“In the past, wooden barrels had a simple function, and that was to transport wine from one place to another,” says Andrea Tella, enologist at Serego Alighieri, a historic Valpolicella winery in Veneto, Italy. “Winemakers would use whatever wood was available to them locally and historically, [and] here in Valpolicella, there has always been a sizable cherry presence.”
Cherry barrels were common in Valpolicella cellars until the late 20th century, when oak became the choice for winemakers across the globe. Only a handful of Valpolicella wineries still champion cherry casks, like Serego Alighieri, and some smaller wineries.
“Cherry isn’t as popular now, but we’ve always kept it as a distinguishing feature for our wines, although we’re well aware of its downsides,” says Tella.
Andrea Lonardi, chief operating officer of Bertani Domains, believes that oak’s success came at the expense of other woods like cherry, chestnut, acacia and redwood. Oak can help tame a wine’s tannins, adjust its color, provide pleasant flavors of vanilla, coconut or spices, and protect it from premature oxidation.
Cherry wood isn’t as tightly grained as oak, so it can allow wine to oxidize, which can results in loss of fresh fruit flavor and astringent tannins.
“Cherry isn’t as popular now, but we’ve always kept it as a distinguishing feature for our wines, although we’re well aware of its downsides.” —Andrea Tella, enologist, Serego Aligheri
“We’ve experienced a remarkable stylistic shift over the past 10 to 15 years,” says Lonardi. “Compared to the past, today we expect a more delicate structure, which is difficult to achieve by using cherry [wood], while oak can definitely help towards that.”
Cherry wood is also trickier to make into barrels. Tella says that oak staves are made by splitting the wood, like a lumberjack would do with an axe. The technique keeps the wood’s capillaries intact.
But cherry wood requires staves be sawn out of the tree’s trunk, which “increases the risk of breaking a capillary, and the wine may gush out of the barrel as a result,” he says.
If used correctly, cherry wood can “liberate the fruit” and lend a wine its distinctive aromas, says Tella.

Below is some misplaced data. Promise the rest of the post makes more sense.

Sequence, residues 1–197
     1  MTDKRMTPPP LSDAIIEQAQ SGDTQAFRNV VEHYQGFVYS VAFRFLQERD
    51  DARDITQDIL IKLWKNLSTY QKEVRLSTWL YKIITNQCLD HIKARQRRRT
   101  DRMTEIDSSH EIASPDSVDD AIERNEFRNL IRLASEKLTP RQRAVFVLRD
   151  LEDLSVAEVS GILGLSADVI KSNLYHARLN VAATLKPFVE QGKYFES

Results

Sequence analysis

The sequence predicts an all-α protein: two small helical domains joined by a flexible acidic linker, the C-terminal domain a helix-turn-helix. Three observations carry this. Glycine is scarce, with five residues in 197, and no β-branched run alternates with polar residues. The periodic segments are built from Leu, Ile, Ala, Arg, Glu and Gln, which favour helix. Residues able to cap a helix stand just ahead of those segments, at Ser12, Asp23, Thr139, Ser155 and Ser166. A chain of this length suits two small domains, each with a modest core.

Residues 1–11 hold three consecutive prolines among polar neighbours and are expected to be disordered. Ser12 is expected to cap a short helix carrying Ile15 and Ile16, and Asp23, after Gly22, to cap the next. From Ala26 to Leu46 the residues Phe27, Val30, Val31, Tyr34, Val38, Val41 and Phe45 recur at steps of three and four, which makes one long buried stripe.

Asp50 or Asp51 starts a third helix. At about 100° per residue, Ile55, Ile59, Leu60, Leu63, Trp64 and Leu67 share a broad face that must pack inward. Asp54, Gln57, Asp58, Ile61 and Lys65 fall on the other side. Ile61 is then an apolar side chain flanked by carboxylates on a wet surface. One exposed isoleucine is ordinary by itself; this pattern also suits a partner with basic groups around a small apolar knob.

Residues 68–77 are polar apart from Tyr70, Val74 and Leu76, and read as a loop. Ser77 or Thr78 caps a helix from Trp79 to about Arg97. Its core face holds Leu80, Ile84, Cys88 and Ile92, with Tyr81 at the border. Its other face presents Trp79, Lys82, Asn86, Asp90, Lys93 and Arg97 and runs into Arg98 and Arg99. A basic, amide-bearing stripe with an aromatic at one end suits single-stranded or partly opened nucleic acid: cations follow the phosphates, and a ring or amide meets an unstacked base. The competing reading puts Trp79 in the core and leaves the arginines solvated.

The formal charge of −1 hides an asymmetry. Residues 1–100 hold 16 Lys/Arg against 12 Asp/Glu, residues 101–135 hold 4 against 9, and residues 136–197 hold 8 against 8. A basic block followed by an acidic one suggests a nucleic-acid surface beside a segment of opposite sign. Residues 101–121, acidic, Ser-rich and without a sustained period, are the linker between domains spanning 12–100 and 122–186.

“Our cherry wood-aged Amarone stands out for its characteristic fruitiness, especially Maraschino cherry, as well as cocoa bean and sweet spice flavors and a balsamic note,” he says. “Cherry barrels are only very lightly toasted, so there aren’t those vanilla, coconut and toast flavors that you find in some more international-tasting Amarones.”
To avoid premature oxidation and to improve color stability, Tella and Lonardi have their wines spend a majority of time in large oak casks before being transferred to cherry barrels for a few months to acquire the wood’s flavors.
For Tella, maturation in a 600-liter cherry wood cask, the traditional fusto Veronese, suits all styles of wine. His Recioto and Rosso Verona Indicazione Geografica Tipica (IGT) are aged in cherry wood for three months, while the Amarone and Valpolicella Classico Superiore spend four months in it.
Lonardi believes that cherry wood aromatics better complement higher alcohol content and more concentrated styles.
“The cherry wood gives a touch of personality, with that oxidative note of wet peach leaf, but it’s only suited to ‘serious’ wines, not much to entry-level ones,” he says.
Bertani’s Recioto spends about 12 months in cherry wood. Secco Vintage, the producer’s historical blend of Corvina, Sangiovese, Syrah and Cabernet Sauvignon, spends as much as 18 months in 750-liter cherry and chestnut barrels.
Determined to preserve this Valpolicella tradition, Pier Paolo Antolini and his brother, Stefano, mature most of their wines in cherry barrels.
“The amount of cherry wood-aged wine in the blend varies from year to year,” says Pier Paolo. “It’s lower in the Ripasso, higher in the Amarone. It’s crucial to use cherry wisely because it can seriously alter the wine, but it’s also got the potential to give our Amarone freshness and pleasantness.”
Despite being markedly porous, the wood tends to clog with usage, which Pier Paolo believes reduces the risk of premature oxidation.
“When we go around sampling our own wines, the one in our oldest 500-liter cherry wood barrel always tastes better than the others,” he says.
By championing cherry, Antolini, Bertani and Serego Alighieri walk a thin line between added character and an increased risk of spoilage. Their commitment brings a touch of local flavor back to the Valpolicella, and it helps to maintain a nearly abandoned tradition.